Last weekend, out of nowhere, Wayne Coyne tweeted thanks to “secret live recording” participants, along with a – short, blurry, unexplained – video of a crowd clapping. Then, on Monday, he thanked them again, leaving Flaming Lips fans wondering: what was the “secret“? Who were the – in Wayne’s words – “freaks“?? How did they get to participate???
The Flaming Lips are recording a Soft Bulletin live album and – with the help of SUNY (State University of New York) Fredonia students – filmed companion music videos on Saturday, April 16th for two of its songs: “What is the Light?” and “Race For the Prize” (listen to decade-old live bootlegs of both songs at the bottom of this post). The undergraduates took part in the video shoot, then recorded applause overdubs for The Soft Bulletin live recording. Afterwards they hung out with band.
Flaming Lips’ producer Dave Fridmann teaches at the school, nearby his Tarbox Road Studios – where the band has recorded all of their albums since it was built in 1997. The Observer Today explains Dave enlisted his students to gather their peers for the film/overdub session last Saturday: “Fridmann’s Sound Recording Technology students started calling friends and soon the rehearsal room in Mason Hall began filling up… Within 15 minutes, the majority of the medium sized room was full of eager students…”
The Flaming Lips are currently in the process of releasing life-size, edible gummy skulls that play their four new songs – the old-fashioned way: Wayne Coyne personally brings them to one store at a time. Fans have reported, while selling the first batch of skulls on April 21st, Wayne Coyne revealed The Soft Bulletin live album will take a similar form. With no official announcement or discussion of the project from The Flaming Lips yet, it is still unclear if the recordings for the planned Soft Gummy Live Bulletin Skull are a compilation of Bulletin’s songs from several concerts, if they were recorded entirely at this past New Year’s Freak Out (where Bulletin was performed live in its entirely for the first and – as of now – only time), or if they are partly being recorded at Tarbox (perhaps even completely a studio creation, as suggested by The Observer Today). It’s also possible that the gummy live album will be recorded at one or several of the upcoming Soft Bulletin live gigs the band has scheduled for 2011. And who knows what new ideas the band might develop between now and its release… Maybe The Soft Bulletin Live won’t get released in a skull afterall, but rather a gummy fetus or some other bizarre object…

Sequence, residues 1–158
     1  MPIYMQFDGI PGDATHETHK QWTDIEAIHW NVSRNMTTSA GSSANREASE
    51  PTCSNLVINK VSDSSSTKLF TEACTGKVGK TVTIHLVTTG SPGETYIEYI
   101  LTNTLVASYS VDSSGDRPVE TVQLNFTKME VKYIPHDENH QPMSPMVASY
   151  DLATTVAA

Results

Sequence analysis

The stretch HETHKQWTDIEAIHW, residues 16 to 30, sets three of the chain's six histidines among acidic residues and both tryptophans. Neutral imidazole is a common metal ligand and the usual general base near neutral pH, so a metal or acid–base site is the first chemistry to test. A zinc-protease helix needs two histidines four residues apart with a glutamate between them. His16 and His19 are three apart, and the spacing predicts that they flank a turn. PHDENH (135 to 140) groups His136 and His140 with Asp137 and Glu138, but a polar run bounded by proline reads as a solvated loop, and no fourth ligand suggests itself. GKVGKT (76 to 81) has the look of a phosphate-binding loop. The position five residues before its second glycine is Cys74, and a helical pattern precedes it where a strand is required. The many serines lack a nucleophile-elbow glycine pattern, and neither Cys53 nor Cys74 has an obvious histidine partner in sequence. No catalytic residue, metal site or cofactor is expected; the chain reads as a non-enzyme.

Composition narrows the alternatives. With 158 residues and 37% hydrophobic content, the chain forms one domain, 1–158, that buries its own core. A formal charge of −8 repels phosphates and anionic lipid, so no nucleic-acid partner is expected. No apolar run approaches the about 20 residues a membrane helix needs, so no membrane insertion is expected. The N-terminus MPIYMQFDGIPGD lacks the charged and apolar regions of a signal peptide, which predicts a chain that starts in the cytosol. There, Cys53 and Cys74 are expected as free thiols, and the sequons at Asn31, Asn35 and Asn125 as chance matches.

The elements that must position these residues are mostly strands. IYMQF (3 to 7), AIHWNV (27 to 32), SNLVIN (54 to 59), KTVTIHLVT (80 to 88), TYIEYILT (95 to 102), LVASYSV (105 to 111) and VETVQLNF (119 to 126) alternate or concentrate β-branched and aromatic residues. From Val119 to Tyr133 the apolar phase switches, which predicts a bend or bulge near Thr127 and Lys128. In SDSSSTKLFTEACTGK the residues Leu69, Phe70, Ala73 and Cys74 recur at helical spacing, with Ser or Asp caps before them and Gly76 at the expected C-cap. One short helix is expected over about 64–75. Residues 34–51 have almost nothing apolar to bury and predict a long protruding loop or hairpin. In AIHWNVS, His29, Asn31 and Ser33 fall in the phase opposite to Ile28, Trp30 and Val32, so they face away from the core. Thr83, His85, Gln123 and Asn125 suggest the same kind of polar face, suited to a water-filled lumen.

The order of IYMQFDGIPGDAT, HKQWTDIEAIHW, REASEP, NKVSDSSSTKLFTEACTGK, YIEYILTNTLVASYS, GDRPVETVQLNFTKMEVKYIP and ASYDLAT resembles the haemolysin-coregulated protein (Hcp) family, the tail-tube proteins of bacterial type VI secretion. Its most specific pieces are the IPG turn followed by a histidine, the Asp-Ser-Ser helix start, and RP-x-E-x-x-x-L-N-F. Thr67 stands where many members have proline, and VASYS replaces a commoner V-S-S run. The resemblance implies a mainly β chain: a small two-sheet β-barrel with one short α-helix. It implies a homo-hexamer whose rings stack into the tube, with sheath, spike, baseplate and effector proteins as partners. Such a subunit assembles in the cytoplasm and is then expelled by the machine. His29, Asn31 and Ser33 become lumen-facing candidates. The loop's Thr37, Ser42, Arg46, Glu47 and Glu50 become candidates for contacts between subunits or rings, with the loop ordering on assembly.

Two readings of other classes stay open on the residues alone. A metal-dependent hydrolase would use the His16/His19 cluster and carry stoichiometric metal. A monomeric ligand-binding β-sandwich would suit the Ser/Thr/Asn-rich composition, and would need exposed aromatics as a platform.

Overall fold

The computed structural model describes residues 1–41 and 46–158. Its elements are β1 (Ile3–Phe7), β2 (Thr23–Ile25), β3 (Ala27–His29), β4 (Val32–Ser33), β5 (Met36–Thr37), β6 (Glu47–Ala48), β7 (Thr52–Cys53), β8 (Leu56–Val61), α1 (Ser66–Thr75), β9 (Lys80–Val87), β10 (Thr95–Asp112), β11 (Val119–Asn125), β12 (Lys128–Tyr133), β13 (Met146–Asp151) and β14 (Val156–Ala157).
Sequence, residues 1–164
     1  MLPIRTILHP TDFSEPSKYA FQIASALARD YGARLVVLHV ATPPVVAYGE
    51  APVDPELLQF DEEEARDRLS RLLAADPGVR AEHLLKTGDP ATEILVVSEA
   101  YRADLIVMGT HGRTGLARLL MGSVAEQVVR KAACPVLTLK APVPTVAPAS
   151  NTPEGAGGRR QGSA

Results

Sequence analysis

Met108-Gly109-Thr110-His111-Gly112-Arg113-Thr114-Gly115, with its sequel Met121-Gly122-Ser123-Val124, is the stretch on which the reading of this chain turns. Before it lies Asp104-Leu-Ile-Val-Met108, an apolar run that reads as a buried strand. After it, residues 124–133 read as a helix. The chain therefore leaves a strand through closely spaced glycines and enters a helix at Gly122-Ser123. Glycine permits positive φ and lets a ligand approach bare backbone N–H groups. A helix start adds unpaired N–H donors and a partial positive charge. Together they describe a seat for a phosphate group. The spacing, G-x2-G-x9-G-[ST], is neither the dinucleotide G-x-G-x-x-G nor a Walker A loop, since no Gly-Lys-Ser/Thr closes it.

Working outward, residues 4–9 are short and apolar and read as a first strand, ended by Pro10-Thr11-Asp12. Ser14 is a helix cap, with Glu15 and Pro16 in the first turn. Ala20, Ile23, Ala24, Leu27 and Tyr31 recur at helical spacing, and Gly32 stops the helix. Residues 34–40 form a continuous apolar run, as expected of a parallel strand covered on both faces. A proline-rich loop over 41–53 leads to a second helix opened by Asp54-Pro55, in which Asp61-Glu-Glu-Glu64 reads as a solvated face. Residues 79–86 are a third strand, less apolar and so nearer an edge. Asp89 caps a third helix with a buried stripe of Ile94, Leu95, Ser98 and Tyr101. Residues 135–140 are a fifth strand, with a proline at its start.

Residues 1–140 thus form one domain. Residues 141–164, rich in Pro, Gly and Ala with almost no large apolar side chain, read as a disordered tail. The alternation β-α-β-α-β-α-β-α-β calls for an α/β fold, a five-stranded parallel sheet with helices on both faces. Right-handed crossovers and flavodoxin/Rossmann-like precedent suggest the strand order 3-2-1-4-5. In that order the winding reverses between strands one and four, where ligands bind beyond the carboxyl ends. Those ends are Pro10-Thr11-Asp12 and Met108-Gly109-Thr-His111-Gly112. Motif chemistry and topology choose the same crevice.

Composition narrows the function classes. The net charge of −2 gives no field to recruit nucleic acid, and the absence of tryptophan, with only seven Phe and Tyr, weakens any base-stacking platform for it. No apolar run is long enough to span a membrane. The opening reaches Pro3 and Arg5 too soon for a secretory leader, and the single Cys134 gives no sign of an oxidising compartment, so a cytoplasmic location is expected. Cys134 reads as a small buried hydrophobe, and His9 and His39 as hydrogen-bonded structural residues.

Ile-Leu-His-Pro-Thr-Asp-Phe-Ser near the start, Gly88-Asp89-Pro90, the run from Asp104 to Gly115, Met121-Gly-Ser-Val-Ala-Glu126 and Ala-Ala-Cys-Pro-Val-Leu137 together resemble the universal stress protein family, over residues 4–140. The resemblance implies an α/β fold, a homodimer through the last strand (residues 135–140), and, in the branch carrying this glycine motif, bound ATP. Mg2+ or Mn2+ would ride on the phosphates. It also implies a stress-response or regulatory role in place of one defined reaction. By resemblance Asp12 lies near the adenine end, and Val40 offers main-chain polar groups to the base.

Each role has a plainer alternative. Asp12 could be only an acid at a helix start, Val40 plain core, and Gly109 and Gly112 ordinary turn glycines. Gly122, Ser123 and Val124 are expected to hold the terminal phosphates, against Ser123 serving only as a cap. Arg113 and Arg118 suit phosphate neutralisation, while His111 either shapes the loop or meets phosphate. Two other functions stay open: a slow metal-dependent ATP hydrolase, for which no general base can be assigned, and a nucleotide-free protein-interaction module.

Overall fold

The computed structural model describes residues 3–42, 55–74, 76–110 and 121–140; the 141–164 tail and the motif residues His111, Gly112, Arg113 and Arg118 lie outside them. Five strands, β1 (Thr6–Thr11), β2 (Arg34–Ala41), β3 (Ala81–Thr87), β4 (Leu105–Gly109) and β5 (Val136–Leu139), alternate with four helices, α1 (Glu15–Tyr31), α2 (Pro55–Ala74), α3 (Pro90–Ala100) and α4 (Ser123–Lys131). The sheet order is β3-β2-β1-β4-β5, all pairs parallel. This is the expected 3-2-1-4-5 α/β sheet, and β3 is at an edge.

For updates, corrections and clarifications – as they become available – follow twitter/FutureHeartDay.
nine eight Soft Bulletin shows have been announced:
05/19 – Atlanta, GA @ The Tabernacle
05/20 – Atlanta, GA @ The Tabernacle
05/29 – George, WA @ Sasquatch! Music Festival
06/14 or 15 – Los Angeles, CA @ Hollywood Forever
07/01 – London, UK @ Alexandra Palace
07/07 – Chicago, IL @ Aragon Ballroom
07/08 – Chicago, IL @ Aragon Ballroom
7/31 – Montreal, Quebec @ Osheaga Music and Arts Festival
Update/ correction: the original version of this post listed The Hangout Music Festival (May 21) and Primavera Sound (May 26) as Soft Bulletin shows, as do other web sources. This is incorrect. Additionally, both Atlanta shows (not just the first) are Soft Bulletin shows. Follow twitter/FutureHeartDay for updates.
The Flaming Lips “two nights, one morning” at Hollywood Forever Cemetery (discussed here) on June 14-15 will feature a cover of Pink Floyd’s Dark Side of the Moon on one night, a performance from the graveyard belltower with Edward Sharpe and the Magnetic Zeros in the morning, and The Soft Bulletin on the other night. Apparently the live album gummy skull and/or the the music videos are somehow tied into this special engagement as well. Fredonia Leader, SUNY Fredonia’s newspaper, quoted Wayne at the “secret” film shoot saying, “We’re doing this exclusively for the show we’re doing in The Cemetary in Hollywood”. I kind of thought it would be cool…”
One question about the “secret live recording” remains: who is the “freak” in this picture tweeted by Wayne and posted on The Flaming Lips’ facebook?
That “freak” – one of Wayne’s terms of endearment – is Suzanne Bonifacio, of the band Chromakid. She exclaimed to Psych Explorations of the Future Heart, “The picture on their twitter and facebook of the girl looking up is me – crazy and hysterical. I have been waiting to meet Wayne plus the Lips on campus for a long, long time.”
Suzanne sings and plays synth, samples and bells for Chromakid, alongside Kat Casale (drums) and Tara Rook (keyboard, vocals, sampling). The Fredonia group cites electronic experimenters (Brian Eno, Aphex Twin, Portishead, Bjork, Caribou, Air, Boards of Canada) and daring rockers (Radiohead, The Flaming Lips, Broken Social Scene, Pink’s Haunted Grafitti) as their influences. They aptly describes their sound as, “dream while eating candy…” (hear for yourself, below).